A variety of options are available to replace the first line of antidepressants. Switchover should be done cautiously. Depending on the class of antidepressant, switchover can be done either by stopping and starting the new medication, slow cross-tapering or stopping the first antidepressant and waiting for a washout period and than starting the new medication. The most commonly used second line antidepressant is venlafaxine, a serotonin-norepinephrine reuptake inhibitor (SNRI). 

    An atypical antidepressant, for example mirtazapine, can also be used, which is also helpful in depression-related insomnia. Similarly patients who want to avoid the sexual side-effects associated with most antidepressants may be prescribed bupropion, which is less likely to cause these side-effects.

    Tricyclic antidepressants such as amitriptyline, doxepin, nortriptyline or MAOI for example phenelzine, tranylcypromine can also be used, but they are not initially used because of their side-effect profile and are especially dangerous in overdose.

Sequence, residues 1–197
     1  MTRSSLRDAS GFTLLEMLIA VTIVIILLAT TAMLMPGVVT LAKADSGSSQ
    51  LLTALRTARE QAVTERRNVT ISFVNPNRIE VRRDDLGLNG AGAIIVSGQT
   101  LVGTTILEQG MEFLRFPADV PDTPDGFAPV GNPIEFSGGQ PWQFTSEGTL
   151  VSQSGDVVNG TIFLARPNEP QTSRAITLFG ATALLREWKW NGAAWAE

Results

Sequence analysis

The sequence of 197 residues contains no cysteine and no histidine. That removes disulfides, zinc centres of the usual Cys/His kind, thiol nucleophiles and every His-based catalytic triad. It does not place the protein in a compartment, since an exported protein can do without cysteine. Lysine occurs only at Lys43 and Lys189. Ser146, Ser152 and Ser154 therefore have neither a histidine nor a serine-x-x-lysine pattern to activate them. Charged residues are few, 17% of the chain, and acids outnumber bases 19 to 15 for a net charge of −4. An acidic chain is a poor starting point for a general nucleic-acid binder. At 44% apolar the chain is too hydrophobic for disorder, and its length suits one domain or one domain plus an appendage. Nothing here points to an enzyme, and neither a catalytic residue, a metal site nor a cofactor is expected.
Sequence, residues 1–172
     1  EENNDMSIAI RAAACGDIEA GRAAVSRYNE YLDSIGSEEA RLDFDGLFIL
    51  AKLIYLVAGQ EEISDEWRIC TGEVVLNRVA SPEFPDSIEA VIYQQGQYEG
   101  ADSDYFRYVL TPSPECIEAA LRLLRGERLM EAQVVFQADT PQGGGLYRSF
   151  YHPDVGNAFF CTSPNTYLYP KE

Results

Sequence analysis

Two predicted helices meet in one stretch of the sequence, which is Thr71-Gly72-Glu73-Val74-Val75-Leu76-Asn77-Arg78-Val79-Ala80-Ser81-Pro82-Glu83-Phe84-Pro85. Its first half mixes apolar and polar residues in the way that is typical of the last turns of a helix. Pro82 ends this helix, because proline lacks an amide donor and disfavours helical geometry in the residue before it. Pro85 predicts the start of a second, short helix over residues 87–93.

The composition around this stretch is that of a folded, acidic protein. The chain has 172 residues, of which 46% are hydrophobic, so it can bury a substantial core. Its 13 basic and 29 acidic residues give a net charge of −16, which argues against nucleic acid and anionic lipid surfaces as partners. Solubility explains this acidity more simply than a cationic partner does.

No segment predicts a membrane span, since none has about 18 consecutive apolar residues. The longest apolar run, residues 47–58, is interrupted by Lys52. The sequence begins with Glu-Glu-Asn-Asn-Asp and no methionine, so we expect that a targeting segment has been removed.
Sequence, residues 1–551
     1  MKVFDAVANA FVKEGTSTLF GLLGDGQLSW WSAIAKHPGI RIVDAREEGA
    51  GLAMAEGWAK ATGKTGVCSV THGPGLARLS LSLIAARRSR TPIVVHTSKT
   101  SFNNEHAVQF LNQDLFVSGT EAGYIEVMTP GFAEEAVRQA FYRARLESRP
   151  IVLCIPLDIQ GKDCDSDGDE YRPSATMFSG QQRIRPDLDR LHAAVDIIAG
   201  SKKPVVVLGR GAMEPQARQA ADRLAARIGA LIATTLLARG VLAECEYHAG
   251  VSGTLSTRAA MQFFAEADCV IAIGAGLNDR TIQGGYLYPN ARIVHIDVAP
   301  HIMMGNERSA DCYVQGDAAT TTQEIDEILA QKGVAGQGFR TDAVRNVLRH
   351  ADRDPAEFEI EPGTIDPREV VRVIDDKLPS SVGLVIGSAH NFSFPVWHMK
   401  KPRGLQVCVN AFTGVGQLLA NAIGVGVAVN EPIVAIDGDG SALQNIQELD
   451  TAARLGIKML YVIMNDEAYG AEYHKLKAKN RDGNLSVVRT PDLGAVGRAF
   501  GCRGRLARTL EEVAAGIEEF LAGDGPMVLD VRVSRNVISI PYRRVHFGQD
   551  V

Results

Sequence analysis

A meta-analysis compared switching from SSRI to venlafaxine or another SSRI. It showed that more patients achieved remission when switched to venlafaxine from SSRI as compared to those who were switched to another SSRI.4

    Augmentation of an antidepressant, which did not show an initial response with another class of antidepressant is acceptable. There has been no established difference between augmentation and switching to another class of antidepressant.

    If the patient has partial response from the initial antidepressant and is tolerating the medication well, augmentation should be the first line of management. Augmentation agents include low dose antipsychotics like quetiapine, olanzapine, and sulpiride. Lithium or other augmentation agents like bupropion, mirtazapine, buspirone and triiodothyronine can be used. 

    Most of the second generation antidepressants are roughly equivalent in their efficacy, therefore, they are prescribed considering factors such as the patient’s previous response to treatment, patient specific symptoms, side-effect profile, other medications the patient is taking, patient preference and cost of the medication.